Home News Concordia announces that summer 2021 will be delivered remotely

Concordia announces that summer 2021 will be delivered remotely

by Maggie Morris February 22, 2021
Concordia announces that summer 2021 will be delivered remotely

Students can expect more on-campus activities this summer, on a voluntary basis

On Feb. 18, Concordia announced that the summer 2021 term will be delivered remotely. This follows the Feb. 2 announcement from the Legault government that CEGEPs and universities in the province would be permitted to resume some on-campus activities as of Feb. 8.

“Despite the Government of Quebec’s announcement in early February that universities can begin reopening their campuses under certain conditions, the public health situation in Montreal remains uncertain, with concerns about new virus variants and delays in the mass vaccination program,” read Concordia’s statement.

Sent in an email to Concordia students, the statement went on to say that students can expect more access to campus this summer for socially distanced activities on a voluntary basis. Additionally, the university plans to “hold in-person final exams for a limited number of courses,” for the summer term — if they deem it safe to do so when the time comes.

The statement also reminded students that convocation will be held online this summer; CU Celebrate, a virtual graduation celebration, will take place on June 17.

Acknowledging that many students are growing curious about what the fall semester might look like, the university says they plan to make a detailed announcement in early May. They did note, however, that a hybrid learning model for the fall term would be the best-case scenario.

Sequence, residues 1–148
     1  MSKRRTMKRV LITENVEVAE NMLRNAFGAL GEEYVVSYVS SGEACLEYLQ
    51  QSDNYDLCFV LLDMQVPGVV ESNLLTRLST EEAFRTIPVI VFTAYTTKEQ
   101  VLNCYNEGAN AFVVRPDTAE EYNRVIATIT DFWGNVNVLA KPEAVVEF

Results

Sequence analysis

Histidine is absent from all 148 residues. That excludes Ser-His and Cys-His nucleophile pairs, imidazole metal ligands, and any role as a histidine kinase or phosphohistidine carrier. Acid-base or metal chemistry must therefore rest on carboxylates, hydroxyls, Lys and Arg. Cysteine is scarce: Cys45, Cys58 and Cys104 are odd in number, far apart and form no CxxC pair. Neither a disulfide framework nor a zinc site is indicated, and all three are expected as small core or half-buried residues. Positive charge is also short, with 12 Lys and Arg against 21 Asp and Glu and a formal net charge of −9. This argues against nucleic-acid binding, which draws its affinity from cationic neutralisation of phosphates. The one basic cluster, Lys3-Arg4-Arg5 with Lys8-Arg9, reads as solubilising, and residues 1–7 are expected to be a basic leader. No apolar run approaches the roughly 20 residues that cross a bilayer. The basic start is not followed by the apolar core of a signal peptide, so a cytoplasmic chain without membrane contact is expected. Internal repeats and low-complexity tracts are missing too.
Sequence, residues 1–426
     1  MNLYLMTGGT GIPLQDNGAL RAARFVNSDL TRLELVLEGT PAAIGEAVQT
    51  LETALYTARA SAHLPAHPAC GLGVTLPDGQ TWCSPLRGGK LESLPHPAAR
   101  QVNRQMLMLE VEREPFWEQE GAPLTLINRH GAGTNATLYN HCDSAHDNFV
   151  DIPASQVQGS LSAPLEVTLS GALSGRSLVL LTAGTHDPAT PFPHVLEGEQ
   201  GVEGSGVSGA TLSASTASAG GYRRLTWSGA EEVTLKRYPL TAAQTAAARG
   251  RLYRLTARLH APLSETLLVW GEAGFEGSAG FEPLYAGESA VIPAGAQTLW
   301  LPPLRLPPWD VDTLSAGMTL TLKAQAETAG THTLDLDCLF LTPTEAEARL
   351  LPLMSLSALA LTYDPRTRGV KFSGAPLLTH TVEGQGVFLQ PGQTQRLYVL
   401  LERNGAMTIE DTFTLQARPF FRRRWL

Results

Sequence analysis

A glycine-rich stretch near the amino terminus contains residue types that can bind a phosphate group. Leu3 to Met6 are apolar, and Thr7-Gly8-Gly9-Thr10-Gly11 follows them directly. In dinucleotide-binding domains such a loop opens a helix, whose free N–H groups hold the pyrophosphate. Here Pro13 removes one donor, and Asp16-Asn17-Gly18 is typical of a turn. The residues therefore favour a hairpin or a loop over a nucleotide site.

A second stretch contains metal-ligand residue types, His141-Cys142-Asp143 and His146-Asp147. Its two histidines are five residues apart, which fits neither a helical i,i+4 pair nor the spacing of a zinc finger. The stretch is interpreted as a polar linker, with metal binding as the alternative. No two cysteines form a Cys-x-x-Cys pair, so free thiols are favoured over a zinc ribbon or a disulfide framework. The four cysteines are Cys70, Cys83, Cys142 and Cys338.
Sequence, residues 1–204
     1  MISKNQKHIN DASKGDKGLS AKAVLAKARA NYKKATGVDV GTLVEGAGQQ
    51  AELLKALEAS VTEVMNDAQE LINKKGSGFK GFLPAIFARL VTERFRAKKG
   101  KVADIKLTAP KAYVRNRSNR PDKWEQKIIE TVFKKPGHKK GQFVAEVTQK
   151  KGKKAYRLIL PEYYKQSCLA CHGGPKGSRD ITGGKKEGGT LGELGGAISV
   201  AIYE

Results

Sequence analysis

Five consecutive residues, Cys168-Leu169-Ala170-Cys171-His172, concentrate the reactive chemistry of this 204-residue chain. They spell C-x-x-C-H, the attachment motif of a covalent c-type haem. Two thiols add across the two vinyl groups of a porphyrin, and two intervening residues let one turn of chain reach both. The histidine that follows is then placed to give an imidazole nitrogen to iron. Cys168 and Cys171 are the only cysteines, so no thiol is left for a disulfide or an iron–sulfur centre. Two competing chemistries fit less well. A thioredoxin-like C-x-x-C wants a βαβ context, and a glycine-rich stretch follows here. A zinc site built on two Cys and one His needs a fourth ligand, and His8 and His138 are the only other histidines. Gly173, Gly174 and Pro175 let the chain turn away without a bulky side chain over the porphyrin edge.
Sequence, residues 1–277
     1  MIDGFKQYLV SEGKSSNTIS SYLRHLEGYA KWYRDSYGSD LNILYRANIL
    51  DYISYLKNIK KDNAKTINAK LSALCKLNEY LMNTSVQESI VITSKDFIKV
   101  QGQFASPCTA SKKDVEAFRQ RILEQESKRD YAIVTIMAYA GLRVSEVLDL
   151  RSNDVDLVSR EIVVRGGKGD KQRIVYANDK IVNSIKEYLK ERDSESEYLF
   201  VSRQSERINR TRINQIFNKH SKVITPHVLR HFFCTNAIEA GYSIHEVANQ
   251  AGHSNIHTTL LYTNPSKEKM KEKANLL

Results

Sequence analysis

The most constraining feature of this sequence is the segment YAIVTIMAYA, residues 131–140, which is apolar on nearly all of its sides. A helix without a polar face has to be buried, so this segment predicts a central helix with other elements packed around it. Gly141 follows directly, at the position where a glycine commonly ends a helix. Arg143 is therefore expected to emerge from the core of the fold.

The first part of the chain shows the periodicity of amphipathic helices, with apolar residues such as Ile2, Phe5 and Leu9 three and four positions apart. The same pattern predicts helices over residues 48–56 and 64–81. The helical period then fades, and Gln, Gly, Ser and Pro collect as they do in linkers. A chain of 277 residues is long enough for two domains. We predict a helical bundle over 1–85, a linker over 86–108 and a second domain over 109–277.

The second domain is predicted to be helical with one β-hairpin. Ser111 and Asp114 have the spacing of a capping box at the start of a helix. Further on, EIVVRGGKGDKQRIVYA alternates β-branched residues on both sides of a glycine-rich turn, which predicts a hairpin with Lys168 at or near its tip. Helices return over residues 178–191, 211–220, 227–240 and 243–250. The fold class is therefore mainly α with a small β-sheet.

For some Concordia students, this hint about next school year is helpful, so far in advance. Michelle Lam, a third-year student in Communication Studies and Economics, returned home to Toronto after last year’s winter term.

“I’m thankful that they’re giving this info in advance because it gives people, especially international students, enough time to plan ahead,” she said.

With this announcement in mind, she says she’ll likely come back to Montreal for the fall, but hopes that she won’t be required to attend classes in-person.

“If I was given an option to do in-person or remote next year, I’d probably choose remote because I wouldn’t feel comfortable being in a classroom again unless everyone is vaccinated,” said Lam.

Another Communications student, Morgan Salama, feels similarly about being back in class.

“I’d love to be back in the classroom, but not until things are back to normal. The idea that the regulations could shift again and we’d be left going back to online anyway just isn’t worth the risk,” she said.

Salama lives in Pointe-Claire and used to commute to campus by train. When asked which option she would take if given the choice between online and in-person classes, she said, “It’s really hard for me to say; I love the lack of commute, but I really miss the camaraderie of being physically in class … I’d only want to be in-person if we really had cases under control.”

Since more details have not yet been given, it’s hard to say exactly what a hybrid semester will look like, or whether in-person classes and activities will be completely optional or not.

In the meantime, summer term students can plan for another semester with all the conveniences and difficulties online learning brings.

 

*Michelle Lam is the social media manager for The Concordian.

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